U.S. consumers reported losing $5.8 billion to fraud in 2021, a 70% increase over the prior year. Even Stanford FCU’s smart, well-educated members are falling victim to fraud on a regular basis. It’s important to stay continually alert to the many ways criminals try to access your personal information and accounts. According to the Consumer Financial Protection Bureau, these are the 13 most common scams.
Caller I.D. can be faked, and you should never give personal information, account login names and passwords, or money to anyone who calls claiming to be the police, a government agency like the IRS, or even your bank. Many Stanford FCU members have fallen victim to criminals impersonating us. Always hang up and contact the company directly.
Beware of meeting people online and sharing personal information like bank account and credit card numbers. Scammers take advantage of trusting people with open hearts, and it’s quite difficult to really get to know someone online or within a few months—especially if they ask for money. It’s heartbreaking in multiple ways, as Stanford FCU members have lost thousands of dollars through romance scams.
Wire or money transfer fraud
Never transfer money to someone you don’t know. Wire transfers, gift cards, Pay A Friend/Zelle® are the main ways that criminals steal money, so they should always be a red flag warning. Once funds are sent through these channels, there’s no way to get your money back.
Don’t ever accept a check for more than the requested amount if you’re selling something. Fraudsters find an excuse to write a check for a higher amount and will ask you to send back the difference. The check later bounces, and the money that was sent in good faith is lost. Many Stanford FCU student members have fallen victim while buying and selling on Craigslist, OfferUp and similar websites.
Be wary of social media posts and unsolicited telephone calls, and always verify that a charity is legitimate before making a donation. Fraudsters can pose as real charities or make up the name of a charity that sounds real. Verify the charity is legitimate with some online research and a phone call.
Debt collection scams
Never provide personal financial information until you verify that it’s a legitimate debt and debt collector. Thieves may try to get you to pay for debts you don’t owe or already paid.
Debt settlement and debt relief scams
Don’t pay upfront fees to any company that guarantees they can settle or eliminate your debts. There are free and non-profit credit counseling programs that can help you work with your creditors. Do a little online research to find a local service. And remember, if it sounds too good to be true it probably is.
Foreclosure relief or mortgage loan modification scams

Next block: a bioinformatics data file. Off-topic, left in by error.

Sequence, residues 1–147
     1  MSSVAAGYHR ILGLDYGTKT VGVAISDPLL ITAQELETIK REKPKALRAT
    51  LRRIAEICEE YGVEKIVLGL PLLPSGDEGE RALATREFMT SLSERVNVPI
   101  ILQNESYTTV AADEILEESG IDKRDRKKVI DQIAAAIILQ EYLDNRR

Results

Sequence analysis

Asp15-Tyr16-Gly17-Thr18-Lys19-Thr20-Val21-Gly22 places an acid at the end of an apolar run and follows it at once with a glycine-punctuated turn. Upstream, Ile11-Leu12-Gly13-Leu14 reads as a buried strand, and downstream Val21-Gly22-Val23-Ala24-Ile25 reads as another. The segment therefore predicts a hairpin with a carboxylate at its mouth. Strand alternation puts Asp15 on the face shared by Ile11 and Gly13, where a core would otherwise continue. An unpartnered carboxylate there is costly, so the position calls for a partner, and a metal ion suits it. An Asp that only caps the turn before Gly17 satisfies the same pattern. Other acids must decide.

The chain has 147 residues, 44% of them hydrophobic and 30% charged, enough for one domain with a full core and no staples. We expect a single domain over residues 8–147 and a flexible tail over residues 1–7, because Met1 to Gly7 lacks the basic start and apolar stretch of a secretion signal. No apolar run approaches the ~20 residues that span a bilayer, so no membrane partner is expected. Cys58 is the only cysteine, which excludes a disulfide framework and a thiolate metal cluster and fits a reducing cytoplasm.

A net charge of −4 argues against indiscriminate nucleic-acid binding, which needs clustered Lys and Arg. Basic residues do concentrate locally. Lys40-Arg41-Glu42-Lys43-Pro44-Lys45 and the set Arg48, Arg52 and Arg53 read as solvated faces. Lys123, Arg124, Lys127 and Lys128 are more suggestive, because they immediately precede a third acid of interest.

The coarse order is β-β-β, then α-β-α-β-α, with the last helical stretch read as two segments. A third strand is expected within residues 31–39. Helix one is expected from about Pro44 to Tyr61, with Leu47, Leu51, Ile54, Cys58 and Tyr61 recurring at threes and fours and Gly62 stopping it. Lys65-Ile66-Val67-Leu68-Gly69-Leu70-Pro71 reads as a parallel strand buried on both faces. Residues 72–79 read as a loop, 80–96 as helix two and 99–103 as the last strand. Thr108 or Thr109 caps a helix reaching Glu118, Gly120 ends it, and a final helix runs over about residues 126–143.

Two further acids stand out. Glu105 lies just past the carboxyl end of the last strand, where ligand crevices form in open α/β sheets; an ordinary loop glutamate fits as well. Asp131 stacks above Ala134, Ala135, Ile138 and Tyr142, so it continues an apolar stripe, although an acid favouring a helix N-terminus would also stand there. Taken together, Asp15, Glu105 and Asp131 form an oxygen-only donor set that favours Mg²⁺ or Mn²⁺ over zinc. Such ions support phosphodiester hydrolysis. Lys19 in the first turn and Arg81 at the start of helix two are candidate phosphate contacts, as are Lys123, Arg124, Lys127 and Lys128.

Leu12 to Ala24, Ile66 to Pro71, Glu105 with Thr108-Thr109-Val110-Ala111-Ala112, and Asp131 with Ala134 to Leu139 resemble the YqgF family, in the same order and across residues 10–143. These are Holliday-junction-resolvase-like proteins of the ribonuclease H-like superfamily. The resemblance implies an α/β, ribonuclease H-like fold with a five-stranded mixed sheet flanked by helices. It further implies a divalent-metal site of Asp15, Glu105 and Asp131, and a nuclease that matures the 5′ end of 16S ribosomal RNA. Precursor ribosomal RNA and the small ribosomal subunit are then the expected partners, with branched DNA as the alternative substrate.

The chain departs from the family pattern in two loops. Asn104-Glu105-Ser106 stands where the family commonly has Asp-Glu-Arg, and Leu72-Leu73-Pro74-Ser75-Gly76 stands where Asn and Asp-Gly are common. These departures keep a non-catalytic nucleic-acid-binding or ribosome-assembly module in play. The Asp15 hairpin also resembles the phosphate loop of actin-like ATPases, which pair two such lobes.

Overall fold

Beware of companies that offer to save you from foreclosure if you’re struggling to make your mortgage payments. Work with your lender first, then contact a housing counselor at the U.S. Department of Housing and Urban Development for trusted advice if needed.
Scammers are most successful when you’re emotional and feeling pressure to act fast without thinking. They may imitate a grandchild or other relative claiming to need money or gift cards because they’re in trouble. Try to contact the relative or someone else who may know the relative’s whereabouts before sending money.
Lottery or prize scams
Never provide personal or financial information if you get a call or email that you’ve won a prize. Scammers will claim that you need to pay an upfront fee and/or taxes before receiving the prize, or they may want your account information to deposit the money or even your Social Security Number for tax purposes. The latter is likely true, which is why you need to triple verify.
Just as caller I.D. can be faked, so can official-looking letters notifying you that you’ve won a prize. Never trust these letters, especially if they ask you to send money or personal information upfront in order to collect your prize, winnings or vacation. Always take time to research and verify the source.
Money mule scams
Money mules transport money to help criminals. Mules are recruited by a social post or online job promising easy money, or by an online love interest as part of a romance scam. Never send or receive money or packages for people you haven’t met in person and don’t know really well.
Mortgage closing scams
Home buyers know that as they approach the final steps of the loan process, they’ll need to pay the closing costs and down payment. Criminals can send an email posing as the lender, escrow officer or real estate agent to provide instructions on where to send the funds. Take extra steps to confirm the legitimate payment instructions because wire transfers are not retrievable.
If you or someone you know is a victim of fraud or a scam, contact the local police or sheriff’s department, file a complaint with the Federal Trade Commission, and report it to your state attorney general.